Nevertheless, it has other undesirable aspects. For instance, caregivers prefer other CPAPs such as Bubble CPAP to it. Its overall performance has also been proven to lag behind other similar products. Moreover, it can lead to the retention of CO2 in the system (Kuenhe & Wishloff, 2011), which is dangerous to the health of the infant. The retention may in turn lead to respiratory fatigue leading to breathing problems. Like the bubble CPAP, the CF CPAP also leads to increased work of breathing (WOB).
Nasal-Intermittent Positive Pressure Ventilation
The NIPPV is a form of CPAP that is an upgrade on CF CPAP. As a matter of fact, it is a contemporary device since it delivers pressure in two ways. The already discussed CPAPs only deliver pressure using a single system. According to White (2014) its potential benefits include a reduction in the frequency of occurrence of apnea. It also increases the expiration of CO2 from the body. Unlike the other CPAPs, it reduces work of breath (WOB). Also, it uses the latest technology making it very effective.
Unlike the other CPAPs, the NIPPV is an expensive equipment making it unaffordable to a wide range of people. Its hazard entails the potential to cause dysynchrony that may be prompted by the trigger. This is dangerous to the general wellbeing of the infant.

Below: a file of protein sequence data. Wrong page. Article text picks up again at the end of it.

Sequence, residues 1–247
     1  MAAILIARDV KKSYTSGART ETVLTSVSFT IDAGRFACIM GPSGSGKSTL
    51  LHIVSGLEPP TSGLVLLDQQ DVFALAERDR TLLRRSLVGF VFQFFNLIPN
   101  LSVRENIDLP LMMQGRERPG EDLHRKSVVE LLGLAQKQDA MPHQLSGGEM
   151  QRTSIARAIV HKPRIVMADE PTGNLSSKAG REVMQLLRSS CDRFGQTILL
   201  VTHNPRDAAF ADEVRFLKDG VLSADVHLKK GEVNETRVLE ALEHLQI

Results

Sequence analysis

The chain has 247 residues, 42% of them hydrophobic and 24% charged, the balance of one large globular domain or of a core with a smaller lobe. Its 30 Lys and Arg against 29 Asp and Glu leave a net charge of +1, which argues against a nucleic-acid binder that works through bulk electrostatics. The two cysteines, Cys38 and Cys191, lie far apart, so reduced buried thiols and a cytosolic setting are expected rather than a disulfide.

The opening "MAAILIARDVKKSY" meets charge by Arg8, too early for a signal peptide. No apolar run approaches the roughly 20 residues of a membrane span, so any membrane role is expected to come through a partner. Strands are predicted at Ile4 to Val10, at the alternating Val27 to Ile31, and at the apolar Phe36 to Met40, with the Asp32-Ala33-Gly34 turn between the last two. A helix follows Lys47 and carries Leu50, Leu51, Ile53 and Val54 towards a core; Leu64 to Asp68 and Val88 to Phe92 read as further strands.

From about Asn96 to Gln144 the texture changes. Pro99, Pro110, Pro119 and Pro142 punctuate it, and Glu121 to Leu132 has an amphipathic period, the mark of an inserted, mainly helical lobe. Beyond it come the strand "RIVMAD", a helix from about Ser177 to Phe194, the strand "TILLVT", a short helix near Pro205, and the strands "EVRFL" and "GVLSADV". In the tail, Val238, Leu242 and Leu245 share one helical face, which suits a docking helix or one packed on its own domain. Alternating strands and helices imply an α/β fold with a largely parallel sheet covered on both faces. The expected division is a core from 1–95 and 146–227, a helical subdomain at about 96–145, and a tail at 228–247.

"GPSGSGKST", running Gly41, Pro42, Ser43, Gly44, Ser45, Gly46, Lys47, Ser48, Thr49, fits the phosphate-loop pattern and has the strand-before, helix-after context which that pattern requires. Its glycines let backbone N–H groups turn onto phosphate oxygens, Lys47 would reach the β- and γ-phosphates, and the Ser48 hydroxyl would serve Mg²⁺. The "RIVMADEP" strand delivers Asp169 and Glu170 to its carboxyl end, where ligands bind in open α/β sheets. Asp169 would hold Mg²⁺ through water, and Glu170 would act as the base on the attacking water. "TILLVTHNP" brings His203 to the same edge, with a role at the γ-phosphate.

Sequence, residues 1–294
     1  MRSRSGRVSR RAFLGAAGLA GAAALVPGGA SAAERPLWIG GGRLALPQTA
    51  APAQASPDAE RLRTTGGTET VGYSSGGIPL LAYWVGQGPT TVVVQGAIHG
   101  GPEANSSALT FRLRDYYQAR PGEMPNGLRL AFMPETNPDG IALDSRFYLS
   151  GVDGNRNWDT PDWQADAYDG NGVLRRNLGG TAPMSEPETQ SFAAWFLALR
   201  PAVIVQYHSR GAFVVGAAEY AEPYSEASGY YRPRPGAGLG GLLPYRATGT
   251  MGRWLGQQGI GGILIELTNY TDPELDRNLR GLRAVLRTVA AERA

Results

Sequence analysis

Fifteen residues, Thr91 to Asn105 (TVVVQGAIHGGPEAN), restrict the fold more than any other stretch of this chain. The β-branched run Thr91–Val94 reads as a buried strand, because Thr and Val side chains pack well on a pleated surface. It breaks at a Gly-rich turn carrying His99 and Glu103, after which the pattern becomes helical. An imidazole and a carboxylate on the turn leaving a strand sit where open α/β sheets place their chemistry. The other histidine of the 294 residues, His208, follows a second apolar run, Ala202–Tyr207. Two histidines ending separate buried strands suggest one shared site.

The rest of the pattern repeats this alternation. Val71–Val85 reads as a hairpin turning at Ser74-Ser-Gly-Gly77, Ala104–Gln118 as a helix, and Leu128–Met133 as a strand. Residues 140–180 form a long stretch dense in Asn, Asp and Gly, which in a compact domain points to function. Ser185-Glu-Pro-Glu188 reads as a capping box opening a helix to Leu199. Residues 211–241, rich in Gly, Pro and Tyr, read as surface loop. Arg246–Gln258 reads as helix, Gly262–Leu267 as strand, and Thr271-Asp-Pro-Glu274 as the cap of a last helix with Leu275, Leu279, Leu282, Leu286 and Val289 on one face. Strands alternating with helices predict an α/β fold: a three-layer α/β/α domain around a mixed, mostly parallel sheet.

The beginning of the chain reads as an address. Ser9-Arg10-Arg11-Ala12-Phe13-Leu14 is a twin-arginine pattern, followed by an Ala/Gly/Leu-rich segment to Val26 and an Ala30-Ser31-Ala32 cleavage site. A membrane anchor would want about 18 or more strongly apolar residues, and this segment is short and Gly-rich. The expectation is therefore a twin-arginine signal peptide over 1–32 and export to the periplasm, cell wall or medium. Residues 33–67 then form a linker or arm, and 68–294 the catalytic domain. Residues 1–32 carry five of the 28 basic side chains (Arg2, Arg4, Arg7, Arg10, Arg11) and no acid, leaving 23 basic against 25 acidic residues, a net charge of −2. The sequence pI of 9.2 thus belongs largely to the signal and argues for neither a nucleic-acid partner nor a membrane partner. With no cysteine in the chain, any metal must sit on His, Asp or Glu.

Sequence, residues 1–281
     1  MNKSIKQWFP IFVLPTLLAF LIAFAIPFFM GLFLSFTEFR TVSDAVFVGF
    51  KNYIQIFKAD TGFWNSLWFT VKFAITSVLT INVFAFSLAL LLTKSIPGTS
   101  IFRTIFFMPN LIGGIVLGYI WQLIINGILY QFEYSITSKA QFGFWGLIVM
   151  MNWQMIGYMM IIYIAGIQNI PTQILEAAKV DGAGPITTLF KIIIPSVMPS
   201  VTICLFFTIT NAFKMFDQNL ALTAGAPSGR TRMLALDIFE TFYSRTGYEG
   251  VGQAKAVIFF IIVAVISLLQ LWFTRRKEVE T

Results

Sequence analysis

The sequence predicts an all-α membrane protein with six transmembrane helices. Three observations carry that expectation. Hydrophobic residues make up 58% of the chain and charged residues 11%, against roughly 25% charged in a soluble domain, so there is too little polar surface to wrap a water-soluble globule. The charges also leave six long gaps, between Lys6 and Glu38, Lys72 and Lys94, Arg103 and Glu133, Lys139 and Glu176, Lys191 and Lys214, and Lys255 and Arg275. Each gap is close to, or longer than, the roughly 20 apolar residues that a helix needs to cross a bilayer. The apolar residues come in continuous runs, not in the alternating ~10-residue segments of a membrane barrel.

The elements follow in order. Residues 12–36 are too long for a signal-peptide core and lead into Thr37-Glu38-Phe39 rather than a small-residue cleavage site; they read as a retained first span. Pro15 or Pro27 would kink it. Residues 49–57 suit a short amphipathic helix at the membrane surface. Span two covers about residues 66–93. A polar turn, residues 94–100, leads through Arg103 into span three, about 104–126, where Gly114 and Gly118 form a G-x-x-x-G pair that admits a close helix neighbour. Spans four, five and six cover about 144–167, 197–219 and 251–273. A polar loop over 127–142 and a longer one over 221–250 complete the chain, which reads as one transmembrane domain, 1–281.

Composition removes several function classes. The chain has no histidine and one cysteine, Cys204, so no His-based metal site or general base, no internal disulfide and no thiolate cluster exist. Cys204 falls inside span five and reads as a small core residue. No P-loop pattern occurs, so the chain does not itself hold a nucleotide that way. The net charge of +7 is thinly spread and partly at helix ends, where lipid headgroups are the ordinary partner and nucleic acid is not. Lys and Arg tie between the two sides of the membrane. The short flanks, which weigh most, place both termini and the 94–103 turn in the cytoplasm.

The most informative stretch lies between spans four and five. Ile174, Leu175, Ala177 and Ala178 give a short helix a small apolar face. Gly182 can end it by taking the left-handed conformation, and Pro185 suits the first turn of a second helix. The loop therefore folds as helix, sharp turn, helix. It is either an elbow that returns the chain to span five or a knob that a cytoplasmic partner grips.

Variable Flow NCPAP
The VF NCPAP is a complex, hence more effective system when it comes to breathing problems that afflict infants (Esquinas, 2012). It is easy to use because it has a free standing technique. When it was compared to other CPAPs, it was realized that it delivers pressure exactly as prescribed by the neonatologists. Its effectiveness is further augmented by its monitors and safety valve that it uses to dump air (Esquinas, 2012). Nonetheless, the VF NCPAP is a very expensive system. To buy it, one has to, first of all, pay a very expensive down payment.
Trends in NCPAP
Trends in CPAP include a sealing flange that is softer, lighter weight, ease of use, adaptability to multifarious geometries, better sealing among others (White, 2014). The CPAP systems are increasingly becoming connected and smart. The latest devices have masks that are applied easily while they are also more pliable compared to the earlier ones.
Esquinas, A. M. (2012). Humidification in the intensive care unit: The essentials. Philadelphia, PA : Springer Science & Business Media. Web.
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Goldsmith, J. P., & Karotkin, E. H. (2010). Assisted ventilation of the neonate. St. Louis, MO: Elsevier Health Sciences. Web.
Kuenhe, B., & Wishloff, E. (2011). What type of CPAP and why. Columbus, OH: Neonatal Respiratory Services Nationwide Children’s Hospital Columbus. Web.
Pk, R. (2011). CPAP (Continuous positive airway pressure) bedside application in the newborn. London, : JP Medical Ltd. Web.
White, G. (2014). Equipment theory for respiratory care. Boston , MA: Cengage Learning. Web.